“An incredible competitor and leader, his stellar career is remarkable for its longevity but also for the sustained excellence he displayed year after year,” NFL Commissioner Roger Goodell said in a statement.
Known for his work ethic, intense exercise regimen and strict diet, Brady was better with age.
After turning 37, Brady won four Super Bowls and was 17-4 in the playoffs. He was 95-30, completed 65.2% of his passes for 35,371 yards, 265 TDs and 69 interceptions in the regular season in those eight seasons.
“I have always believed the sport of football is an ‘all-in’ proposition — if a 100% competitive commitment isn’t there, you won’t succeed, and success is what I love so much about our game,” Brady said. “There is a physical, mental, and emotional challenge every single day that has allowed me to maximize my highest potential. And I have tried my very best these past 22 years. There are no shortcuts to success on the field or in life.”
Some of Brady’s greatest moments
Tom Brady filled his 22 seasons in the NFL with more wins, yards passing and touchdowns than any other quarterback.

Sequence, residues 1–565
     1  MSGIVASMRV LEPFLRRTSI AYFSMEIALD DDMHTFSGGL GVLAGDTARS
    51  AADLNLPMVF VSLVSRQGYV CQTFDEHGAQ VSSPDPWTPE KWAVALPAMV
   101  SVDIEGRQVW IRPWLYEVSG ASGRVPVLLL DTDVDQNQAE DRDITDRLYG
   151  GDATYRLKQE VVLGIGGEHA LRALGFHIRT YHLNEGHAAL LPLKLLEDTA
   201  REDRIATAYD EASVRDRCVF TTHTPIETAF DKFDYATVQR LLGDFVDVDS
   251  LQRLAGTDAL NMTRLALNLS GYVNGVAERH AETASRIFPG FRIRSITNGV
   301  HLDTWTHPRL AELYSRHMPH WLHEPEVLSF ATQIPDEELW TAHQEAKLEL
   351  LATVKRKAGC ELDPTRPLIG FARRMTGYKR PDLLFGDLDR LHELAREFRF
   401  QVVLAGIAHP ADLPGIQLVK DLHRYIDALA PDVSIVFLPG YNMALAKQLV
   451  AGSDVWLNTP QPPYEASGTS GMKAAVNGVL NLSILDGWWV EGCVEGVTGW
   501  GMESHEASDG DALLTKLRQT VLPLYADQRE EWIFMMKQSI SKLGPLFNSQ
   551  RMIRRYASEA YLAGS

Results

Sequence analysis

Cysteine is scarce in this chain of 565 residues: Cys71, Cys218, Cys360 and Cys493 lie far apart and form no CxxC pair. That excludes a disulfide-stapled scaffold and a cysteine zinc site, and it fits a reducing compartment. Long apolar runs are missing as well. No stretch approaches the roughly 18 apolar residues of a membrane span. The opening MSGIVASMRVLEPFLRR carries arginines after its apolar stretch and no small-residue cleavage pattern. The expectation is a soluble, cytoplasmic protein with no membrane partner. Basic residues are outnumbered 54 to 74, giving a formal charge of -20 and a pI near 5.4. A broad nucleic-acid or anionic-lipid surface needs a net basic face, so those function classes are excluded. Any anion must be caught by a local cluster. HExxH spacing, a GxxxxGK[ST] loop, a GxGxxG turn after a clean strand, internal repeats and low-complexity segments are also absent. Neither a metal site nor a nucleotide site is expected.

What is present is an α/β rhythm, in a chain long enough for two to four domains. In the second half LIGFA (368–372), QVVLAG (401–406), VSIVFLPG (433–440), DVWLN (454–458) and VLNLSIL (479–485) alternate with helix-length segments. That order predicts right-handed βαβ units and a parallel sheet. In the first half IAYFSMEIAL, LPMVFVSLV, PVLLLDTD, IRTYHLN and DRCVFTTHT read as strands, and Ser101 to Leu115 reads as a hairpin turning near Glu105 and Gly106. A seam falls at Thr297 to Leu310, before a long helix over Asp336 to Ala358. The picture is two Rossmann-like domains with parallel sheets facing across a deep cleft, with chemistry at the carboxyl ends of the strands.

And nobody has ever earned more Super Bowl rings than Brady with seven.
Brady performed at such a high level that his opponents gauged their own failures a bit more kindly. Los Angeles Rams cornerback Jalen Ramsey, all of 5 when Brady made his NFL debut, summed up the league’s respect for the quarterback who announced his retirement Tuesday.
“The best QB of all time retired, DANG… he threw his last TD on me,” Ramsey wrote on Twitter.
Brady provided enough highlights to fill the video vaults at NFL Films. Here are just a few of his greatest moments:
Of course, the first Super Bowl decided in overtime featured Brady leading one of the greatest comebacks in sports history.
Trailing Atlanta 28-3 in the third quarter, Brady threw two TDs and then drove the Patriots 91 yards by completing six passes to set up the tying score inside the final minute. Once New England won the toss, Brady completed his first five passes as the Patriots won 34-28 for their fifth Super Bowl on Feb. 7, 2017.
Already the oldest quarterback to play in a Super Bowl, Brady outdueled the NFL’s young MVP in Patrick Mahomes in Kansas City on Jan. 20, 2019, with another Super Bowl berth on the line. Brady answered each big drive by Mahomes, especially in a thrilling fourth quarter where the lead was swapped four times.